It was in some desperation that University Microfilms Inc. embarked on a quality improvement program three years ago. The country's largest publisher of doctoral dissertations, UMI had grown steadily in the 1980s as universities churned out rising numbers of PhDs. But its backlog, which swelled by 2,000 manuscripts in some years, reflected more than prosperity. Though UMI had adopted new technology, its creaky ed-iting process had changed little in decades. By 1988, the Ann Arbor (Mich.) company had orders for nearly 30,000 theses a year but could get out only 22,000. The rest went intothe backlog--creating more unhappy customers who weren't getting orders on time.
So UMI, a unit of Bell & Howell Co., turned loose quality teams to try and end the carping. They quickly made a startling discovery: During the 150 days it took the company's 1,000 employees to process an average thesis, a grand total of two hours was spent actually working on the manuscript. The rest of the time it sat waiting, unable to move to the next stage, such as copyright approval or indexing, until the author responded by mail, for instance, on how to fix some glitch. Partly by adopting more flexible editing standards and partly by moving a manuscript to the next step instead of holding it for corrections, the 150 days were cut in half within six months. Today, the average is 60 days, which should lower UMI's backlog to 1,500 this year. Last year, customer complaints fell by 17%, to nine per 1,000 shipments, a figure UMI hopes to reduce by 25% this year.
UMI's experience is unusual but by no means unique. A decade after the quality revolution hit U. S. manufacturing, quality is a rising concern in office work, too. This trend "is just getting started," says Curt W. Reimann, who runs the Malcolm Baldrige National Quality Award program for the Commerce Dept. "I don't think most people have fully realized the potential there yet." Still, dozens of employers see the chance to both please customers and save money: When quality goes up, productivity usually does, too, since eliminating errors cuts redos in offices and factories alike. Dave Billick, who heads UMI's dissertation-publishing operations, says his company's quality plan should help it publish more than 40,000 dissertations in 1991 without adding workers. "That's 30% more work with the same people" that UMI had three years ago.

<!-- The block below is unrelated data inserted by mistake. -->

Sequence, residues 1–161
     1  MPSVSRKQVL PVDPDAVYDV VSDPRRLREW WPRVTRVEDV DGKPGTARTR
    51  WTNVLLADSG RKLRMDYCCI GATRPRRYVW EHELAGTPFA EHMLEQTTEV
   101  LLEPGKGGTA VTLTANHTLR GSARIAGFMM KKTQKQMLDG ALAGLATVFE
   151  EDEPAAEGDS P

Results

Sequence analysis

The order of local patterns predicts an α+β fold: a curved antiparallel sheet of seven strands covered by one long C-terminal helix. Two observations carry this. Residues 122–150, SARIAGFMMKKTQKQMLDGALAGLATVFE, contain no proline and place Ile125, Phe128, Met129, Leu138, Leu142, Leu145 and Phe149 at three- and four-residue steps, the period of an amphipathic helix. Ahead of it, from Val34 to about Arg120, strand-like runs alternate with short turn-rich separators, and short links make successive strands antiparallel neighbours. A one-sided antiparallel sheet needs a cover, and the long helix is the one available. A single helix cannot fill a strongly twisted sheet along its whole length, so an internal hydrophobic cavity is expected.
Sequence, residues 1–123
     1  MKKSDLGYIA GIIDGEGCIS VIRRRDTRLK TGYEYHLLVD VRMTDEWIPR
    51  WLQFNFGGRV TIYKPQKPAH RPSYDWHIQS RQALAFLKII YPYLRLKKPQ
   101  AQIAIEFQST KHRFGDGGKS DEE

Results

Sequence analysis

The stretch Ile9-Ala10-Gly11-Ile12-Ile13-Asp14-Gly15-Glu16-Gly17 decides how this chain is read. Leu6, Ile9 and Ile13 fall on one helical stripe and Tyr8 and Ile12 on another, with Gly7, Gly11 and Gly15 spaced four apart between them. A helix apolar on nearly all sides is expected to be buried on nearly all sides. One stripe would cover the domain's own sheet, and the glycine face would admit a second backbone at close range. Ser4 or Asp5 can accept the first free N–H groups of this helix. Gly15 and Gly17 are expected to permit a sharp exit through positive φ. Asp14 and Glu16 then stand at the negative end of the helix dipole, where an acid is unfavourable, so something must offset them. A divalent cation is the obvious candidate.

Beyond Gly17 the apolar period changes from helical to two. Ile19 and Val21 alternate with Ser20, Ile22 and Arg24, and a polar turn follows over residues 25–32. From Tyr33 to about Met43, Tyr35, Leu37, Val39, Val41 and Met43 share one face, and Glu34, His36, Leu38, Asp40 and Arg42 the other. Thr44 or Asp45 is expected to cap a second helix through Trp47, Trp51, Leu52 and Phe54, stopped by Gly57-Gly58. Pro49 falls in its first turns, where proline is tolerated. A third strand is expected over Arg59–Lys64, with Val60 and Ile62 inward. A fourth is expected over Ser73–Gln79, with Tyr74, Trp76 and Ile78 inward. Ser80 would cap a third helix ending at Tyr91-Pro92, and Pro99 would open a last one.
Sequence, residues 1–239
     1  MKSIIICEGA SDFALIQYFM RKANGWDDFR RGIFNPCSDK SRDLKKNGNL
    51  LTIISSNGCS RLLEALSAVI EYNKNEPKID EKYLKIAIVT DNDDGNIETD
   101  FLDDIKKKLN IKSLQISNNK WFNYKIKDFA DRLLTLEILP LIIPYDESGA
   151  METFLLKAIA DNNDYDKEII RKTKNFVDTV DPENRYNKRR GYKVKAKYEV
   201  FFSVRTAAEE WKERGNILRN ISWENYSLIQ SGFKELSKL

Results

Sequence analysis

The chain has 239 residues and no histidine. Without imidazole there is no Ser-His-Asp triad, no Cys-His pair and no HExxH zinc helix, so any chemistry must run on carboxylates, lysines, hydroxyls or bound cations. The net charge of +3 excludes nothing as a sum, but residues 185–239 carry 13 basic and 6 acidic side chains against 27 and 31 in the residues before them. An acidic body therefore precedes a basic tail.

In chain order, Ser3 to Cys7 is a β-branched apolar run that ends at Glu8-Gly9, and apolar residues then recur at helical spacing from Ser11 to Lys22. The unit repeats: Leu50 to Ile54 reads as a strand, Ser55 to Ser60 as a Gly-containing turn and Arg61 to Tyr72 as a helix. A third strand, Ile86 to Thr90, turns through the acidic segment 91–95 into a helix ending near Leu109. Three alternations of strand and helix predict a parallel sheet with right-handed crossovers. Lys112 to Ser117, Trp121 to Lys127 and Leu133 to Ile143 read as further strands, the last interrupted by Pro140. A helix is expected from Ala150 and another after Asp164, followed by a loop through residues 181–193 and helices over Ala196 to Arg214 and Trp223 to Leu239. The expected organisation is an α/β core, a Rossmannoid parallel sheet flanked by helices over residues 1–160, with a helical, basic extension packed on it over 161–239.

CHEAP LABOR. White-collar America needs to make such gains if the country's stagnating living standards are to regain their growth rates of the 1950s and 1960s. Economists say increases in real incomes depend on how fast productivity rises across the U. S. work force. Bureau of Labor Statistics figures show that factory productivity has climbed 51% since 1973. But the productivity of office workers has dropped by some 7% over that period, according to economist Stephen S. Roach of Morgan Stanley & Co. This has flattened overall productivity, since today there are so many more workers in offices than in manufacturing--60 million vs. about 20 million.
Some economists think that the weak showing of office workers is rooted in the huge supply of labor that became available in the 1970s and 1980s in the form of women and baby boomers. Such workers were so plentiful that employers snapped up lots of them--even inexperienced ones--instead of hiring fewer employees and teaching them to be more productive and quality-conscious. Now, the influx of baby boomers is over and the increase in working women may be leveling off, too. So, says Roach, companies can no longer "hire lots of cheap workers instead of boosting productivity."
One popular solution has been to engage high-priced consultants, who restructure work, suggest layoffs, and otherwise improve white-collar efficiency. But quality gurus call this a backward approach. Just as there's no point in being the most efficient maker of a car that no one will buy, it's self-defeating to squeeze more useless paperwork out of a billing clerk. "We have plenty of examples of people who meet all the productivity measures," says Norma Rossi, the head of quality at Metropolitan Life Insurance Co. "But if the customers aren't getting what they want, it's just a joke." So for many companies, "quality first" is now the byword. Corning Inc. showed why last summer when it looked at the quality of its tax returns. Corning had vastly improved quality in its plants, and thought the same approaches might work in its offices. Chuck Wise, the head of its tax unit, set out to identify his customers, which is less obvious than it sounds. In offices, these usually are other departments, or perhaps suppliers or lenders. Wise found that the Internal Revenue Service was his unit's largest client. Then, he asked the IRS to rate Corning's federal tax returns, on which Wise's 19-person tax unit spends about half its time. It was the right question. For years, Corning had prepared a summary of thousands of accounts detailing the expenses of each of its departments--on the assumption that the feds wanted this. But the IRS didn't want the summary, which it spent hundreds of hours unraveling. It thought Corning kept its books this way.
FASTER AUDITS. In the wake of this discovery, Corning eliminated the summary, saving itself more than 400 work hours a year. Donald Mitgang, the IRS district director for the Buffalo region, says this will cut the time his office spends on Corning's biennial audit from 18 months to 15. This might never have happened if Corning had gone after efficiency first and simply tried to do the summaries faster. "If you develop a product that satisfies the customer, even a tax return, you save everyone redo work and overhead cost," says Mitgang.